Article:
With COVID-19 cases on the rise in Duval County, Jacksonville Mayor Lenny Curry is still against mandating mask-wearing.
“We do not need to have law enforcement out in public enforcing this,” Curry said. “It’s not an efficient use of resources and we’re not gonna start prosecuting people, ticketing people and arresting people because they choose not to wear a mask.”
Curry attributed the rise in cases to more testing, and people who are not wearing masks and are ignoring social distancing at “crowded bars and walking on crowded streets.”
Duval County is averaging over 190 cases per day over the past five days. Saturday saw a county-high of 264 confirmed COVID-19 cases.
Curry, who usually starts his media conferences with a look at the percent of positive compared to people being tested, instead waited until a question was asked about it. He said the rate is currently at 3.7%, which is up from the low of 2.7% in weeks prior.
“Cumulative percentage positives remains below 4%,” Curry said. Curry also said outlets who are reporting on the daily positivity rate are giving out what is ultimately inaccurate information since results from one day might be coming from multiple days of testing.
The mayor called out local media outlets for reporting on low hospital bed availability, saying that the reporting is “without full context” and “irresponsible.”
Data from the Agency For Health Care Administration shows Duval County has 30.1% of it’s Intensive Care Unit (ICU) beds available as of Monday morning.
Out of 438 ICU beds across nine medical centers in the county, 306 are occupied.
The intensive care units at area hospitals are where the most serious COVID-19 cases are treated. Those units are also needed for other critical care such as heart attacks, traffic injuries and other life threatening ailments or injuries. The publicly available data doesn’t include a breakdown of what beds are being used for COVID-19 cases versus other serious medical conditions.
However, Curry said there are currently only 14 ICU beds that are occupied with COVID-19 patients.
Overall in Duval County, close to 37% of hospital beds are available. 2,408 of the county’s 3,820 hospital beds are taken.
The breakdown for the hospitals at the time of this story’s publication were as follows:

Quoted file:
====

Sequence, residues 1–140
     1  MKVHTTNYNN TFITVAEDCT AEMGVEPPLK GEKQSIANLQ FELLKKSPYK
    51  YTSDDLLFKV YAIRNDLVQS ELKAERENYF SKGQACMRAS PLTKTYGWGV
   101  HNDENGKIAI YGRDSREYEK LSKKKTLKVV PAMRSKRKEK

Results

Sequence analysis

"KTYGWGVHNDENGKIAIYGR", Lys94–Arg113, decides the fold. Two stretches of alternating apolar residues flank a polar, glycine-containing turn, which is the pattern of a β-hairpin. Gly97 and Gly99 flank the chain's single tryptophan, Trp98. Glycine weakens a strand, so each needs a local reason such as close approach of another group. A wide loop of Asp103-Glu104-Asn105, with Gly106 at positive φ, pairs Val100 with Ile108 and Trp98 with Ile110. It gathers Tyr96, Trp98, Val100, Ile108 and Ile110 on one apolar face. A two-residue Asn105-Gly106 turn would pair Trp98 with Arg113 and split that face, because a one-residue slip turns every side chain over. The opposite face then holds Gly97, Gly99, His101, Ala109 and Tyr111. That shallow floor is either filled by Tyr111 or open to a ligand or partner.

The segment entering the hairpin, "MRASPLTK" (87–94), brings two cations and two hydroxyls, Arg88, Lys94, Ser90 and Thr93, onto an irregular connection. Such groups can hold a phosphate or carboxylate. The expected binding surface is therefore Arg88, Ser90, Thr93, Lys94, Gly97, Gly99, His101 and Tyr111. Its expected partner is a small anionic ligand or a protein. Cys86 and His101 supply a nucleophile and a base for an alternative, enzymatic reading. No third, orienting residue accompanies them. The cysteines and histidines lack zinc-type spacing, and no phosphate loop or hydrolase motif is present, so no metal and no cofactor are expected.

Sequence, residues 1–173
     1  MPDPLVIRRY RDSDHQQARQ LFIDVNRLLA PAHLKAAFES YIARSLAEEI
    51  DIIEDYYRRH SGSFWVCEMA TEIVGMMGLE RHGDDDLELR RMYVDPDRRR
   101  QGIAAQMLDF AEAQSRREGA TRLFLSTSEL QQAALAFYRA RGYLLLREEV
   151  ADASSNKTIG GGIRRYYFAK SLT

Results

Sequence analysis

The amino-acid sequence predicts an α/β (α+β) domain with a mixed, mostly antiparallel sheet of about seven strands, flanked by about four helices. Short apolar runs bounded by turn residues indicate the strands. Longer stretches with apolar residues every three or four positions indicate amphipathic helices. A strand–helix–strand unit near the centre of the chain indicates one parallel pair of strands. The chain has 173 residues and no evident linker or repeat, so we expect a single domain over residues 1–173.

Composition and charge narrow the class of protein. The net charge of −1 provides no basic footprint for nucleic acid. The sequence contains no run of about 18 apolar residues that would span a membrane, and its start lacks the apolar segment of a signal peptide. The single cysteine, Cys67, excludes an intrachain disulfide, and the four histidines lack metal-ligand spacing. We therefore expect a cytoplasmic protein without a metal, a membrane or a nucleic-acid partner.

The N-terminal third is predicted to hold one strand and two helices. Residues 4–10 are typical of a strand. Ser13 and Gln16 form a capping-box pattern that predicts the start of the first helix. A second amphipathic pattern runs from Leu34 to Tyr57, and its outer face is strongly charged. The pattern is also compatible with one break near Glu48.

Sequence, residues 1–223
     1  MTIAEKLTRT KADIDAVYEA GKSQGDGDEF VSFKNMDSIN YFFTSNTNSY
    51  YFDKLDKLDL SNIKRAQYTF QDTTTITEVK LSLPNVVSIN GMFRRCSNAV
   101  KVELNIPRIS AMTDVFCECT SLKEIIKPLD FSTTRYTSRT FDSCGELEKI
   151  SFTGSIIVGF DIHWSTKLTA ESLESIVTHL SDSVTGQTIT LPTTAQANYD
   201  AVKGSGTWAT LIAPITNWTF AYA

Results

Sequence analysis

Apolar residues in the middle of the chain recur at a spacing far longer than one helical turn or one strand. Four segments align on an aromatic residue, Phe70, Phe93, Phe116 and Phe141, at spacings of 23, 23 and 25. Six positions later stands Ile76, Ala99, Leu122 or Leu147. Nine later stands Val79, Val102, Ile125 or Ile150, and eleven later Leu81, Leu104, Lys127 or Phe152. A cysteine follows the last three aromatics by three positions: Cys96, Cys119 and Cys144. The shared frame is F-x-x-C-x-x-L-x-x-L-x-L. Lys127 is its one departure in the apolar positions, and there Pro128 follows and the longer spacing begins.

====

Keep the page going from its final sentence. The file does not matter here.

- UF Health Jacksonville - 106 out of 124 ICU beds occupied, 14.5% availability
- Ascension St. Vincent’s - 37 out of 86 ICU beds occupied, 56.9% availability
- Baptist Medical Center - 93 out of 138 ICU beds occupied, 32.6% availability
- Mayo Clinic - 41 out of 52 ICU beds occupied, 21.1% availability
- Memorial Hospital - 29 out of 42 ICU beds occupied, 30.9% availability
UF Health Jacksonville issued a statement to WJCT News, saying that ICU bed availability is a “tricky thing” because the numbers can change hourly.
“At a specific moment in time it’s possible that we show no beds available, but an hour later we have some open. Since we’re a trauma hospital the vast majority of ICU beds are taken up by trauma, cardio and surgical patients (so not COVID, which are just a handful at most anytime),” the statement read.
The hospital also said there are back-up plans in place in case there are no more beds available.
For comparison, St. Johns County has 61.3% of its ICU beds available, although it only has 44 units total. Five out of 8 of Nassau County’s ICU beds are taken, and Baker County has no ICU beds.
Meanwhile, Clay County has 28.5% of its ICU beds open, as 30 of its 42 already have patients.
Duval County has seen more than 140 positive cases of COVID-19 over the past five days, averaging 195.4 positive cases daily since Thursday. 31.6% of the county’s total COVID cases have been found in that span.
At the statewide level, 27% of ICU beds are available, and overall hospital bed availability is at 27.7% as the state continues seeing some of the highest daily confirmed cases across the nation.
Jacksonville Fire and Rescue Department Chief Keith Powers said Monday that 66 personnel and 13 firefighters were quarantining due to potential exposure after three firefighters tested positive.
Since June 19, 20 inmates at Duval County jails have tested positive for COVID-19, according to Jacksonville Sheriff’s Office Undersheriff Pat Ivey. Only 1% of employees at the correctional facilities have either had to quarantine or tested positive themselves.
He said all inmates will now be tested, and so far, over 100 of the county’s 2,706 inmates have been tested.
“All new arrestees or inmates coming into the facilities will all be tested, and we are taking appropriate quarantine protocols,” Ivey said.
Ivey said much like the city, there is no requirement for employees to wear masks at the jails.
“We are encouraging the wearing of masks, and we have provided masks and other sanitary PPE equipment to our employees, but we don't have a blanket policy that every minute that they're working they're going to have to wear a mask.”
The FDOH announced an additional public health advisory Monday afternoon, urging Floridians to wear masks wherever social distancing is not possible, unless:
- A child is under two years of age.
- An individual has one or more medical conditions or disabilities that prevent wearing a face covering.
- An individual is obtaining a service involving the nose or face for which temporary removal of the face covering is necessary to perform the service.
- An individual works in a profession where use of a face covering will not be compatible with the duties of the profession.
- An individual is engaged in outdoor work or recreation with appropriate social distancing in place.
The advisory also spoke on a purchase of 20 million cloth masks, which will be distributed statewide.